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The most important thing a patient can do is to choose the right Surgeon.  Facial nerve anatomy is very consistent in location, and is more of a theoretic risk for an experienced Facelift Surgeon.  For facial surgery, I would recommend that you see a Board Certified, Fellowship trained Facial Plastic and Reconstructive Surgeon or a Board certified Plastic Surgeon.

Stephen Prendiville, MD
Fort Myers Facial Plastic Surgeon
4.9 out of 5 stars 103 reviews

Avoiding nerve damage in the face

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Plastic surgeons have extensive training and experience with the nerves and blood vessels of the face. That said, a majority of nerves connect to the muscle from under the muscle. There are three nerves/muscles of the face that are classic exceptions to this this rule. Injuring these nerves with fillers would be very unusual and would mean the injection was placed too deep. As for Botox, the toxins can migrate to the nerve and create a temporary nerve paralysis. Finally for facelifts, plastic surgeons are very keenly aware of the nerve locations and very carefully avoid them by knowing when to stop dissecting being careful whenbthey are close to nerves. That said, permanent nerve damage in experienced hands is very very rare.

Preventing nerve damage during a faclift

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Facial nerve injury is a risk during a facelift, though careful technique, and knowing the anatomy is important to reduce the risk of any injury. Non surgical facial rejuvenation such as Botox or laser would not cause you any risk for nerve injury.
Best of luck,
Peter Johnson, MD

Peter E. Johnson, MD
Chicago Plastic Surgeon
4.0 out of 5 stars 44 reviews

How Do Doctors Prevent Damage To Nerves Under Skin In Facial Procedures?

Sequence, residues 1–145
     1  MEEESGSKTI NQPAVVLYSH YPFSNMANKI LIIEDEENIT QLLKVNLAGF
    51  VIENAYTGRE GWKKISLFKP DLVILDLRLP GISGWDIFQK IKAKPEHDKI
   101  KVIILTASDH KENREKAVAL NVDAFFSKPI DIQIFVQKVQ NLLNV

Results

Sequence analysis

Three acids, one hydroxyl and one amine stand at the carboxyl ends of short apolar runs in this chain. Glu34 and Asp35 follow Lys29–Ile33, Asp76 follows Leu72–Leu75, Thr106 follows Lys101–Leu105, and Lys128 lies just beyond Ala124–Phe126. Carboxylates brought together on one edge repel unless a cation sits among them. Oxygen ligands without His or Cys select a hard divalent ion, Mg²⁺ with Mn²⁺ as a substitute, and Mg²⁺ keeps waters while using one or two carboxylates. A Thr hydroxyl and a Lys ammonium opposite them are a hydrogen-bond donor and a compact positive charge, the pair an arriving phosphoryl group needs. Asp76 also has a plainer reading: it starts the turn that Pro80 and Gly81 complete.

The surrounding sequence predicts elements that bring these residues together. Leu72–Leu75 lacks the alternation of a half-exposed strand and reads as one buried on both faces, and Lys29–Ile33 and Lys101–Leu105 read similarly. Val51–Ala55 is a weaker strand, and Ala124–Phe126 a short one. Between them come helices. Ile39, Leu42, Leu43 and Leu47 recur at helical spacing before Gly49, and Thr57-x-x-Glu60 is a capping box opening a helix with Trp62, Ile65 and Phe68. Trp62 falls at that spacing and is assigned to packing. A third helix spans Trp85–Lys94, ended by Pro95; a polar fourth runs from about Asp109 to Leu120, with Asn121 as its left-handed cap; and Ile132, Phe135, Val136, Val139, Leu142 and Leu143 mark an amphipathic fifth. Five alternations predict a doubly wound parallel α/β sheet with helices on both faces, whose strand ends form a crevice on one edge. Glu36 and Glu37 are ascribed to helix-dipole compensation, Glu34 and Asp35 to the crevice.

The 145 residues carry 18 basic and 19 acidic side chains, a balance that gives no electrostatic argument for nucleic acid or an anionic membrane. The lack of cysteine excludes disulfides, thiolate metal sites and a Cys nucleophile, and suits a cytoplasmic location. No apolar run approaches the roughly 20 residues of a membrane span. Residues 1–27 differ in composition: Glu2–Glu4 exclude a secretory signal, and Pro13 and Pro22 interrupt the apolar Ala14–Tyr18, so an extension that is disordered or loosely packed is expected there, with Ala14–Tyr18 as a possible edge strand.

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That's why it takes years of training and experience to become a plastic and cosmetic surgeon.  The motor nerves are deeper and not prone to damage from fillers and superficial skin treatments as they are with surgical procedures like Face Lifts.  

Francis R. Palmer, III, MD
Beverly Hills Facial Plastic Surgeon
4.7 out of 5 stars 28 reviews

Strong Understanding of Anatomy To Avoid Nerve Damage

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The best way to avoid complications is to know what causes them.  In a facelift, for example, you need to find the most qualified board certified specialist who has a strong understanding of the underlying anatomy to avoid damaging the facial nerve.  The same principle applies to most other procedures.  Do your research!

Kimberly Lee, MD
Beverly Hills Facial Plastic Surgeon
5.0 out of 5 stars 13 reviews

Its all anatomy!

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The understanding of facial anatomy is essential to the training of a plastic surgeon.

This is what allows plastic surgeons to do the many things we do in and about the face.

Each technique is designed to protect not only the nerves, but muscles, shapes, etc.

Nerve injury is one of the most rare complications of facial plastic surgery.

Dr. Mayl

Nathan Mayl, MD (retired)
Fort Lauderdale Plastic Surgeon

These answers are for educational purposes and should not be relied upon as a substitute for medical advice you may receive from your physician. If you have a medical emergency, please call 911. These answers do not constitute or initiate a patient/doctor relationship.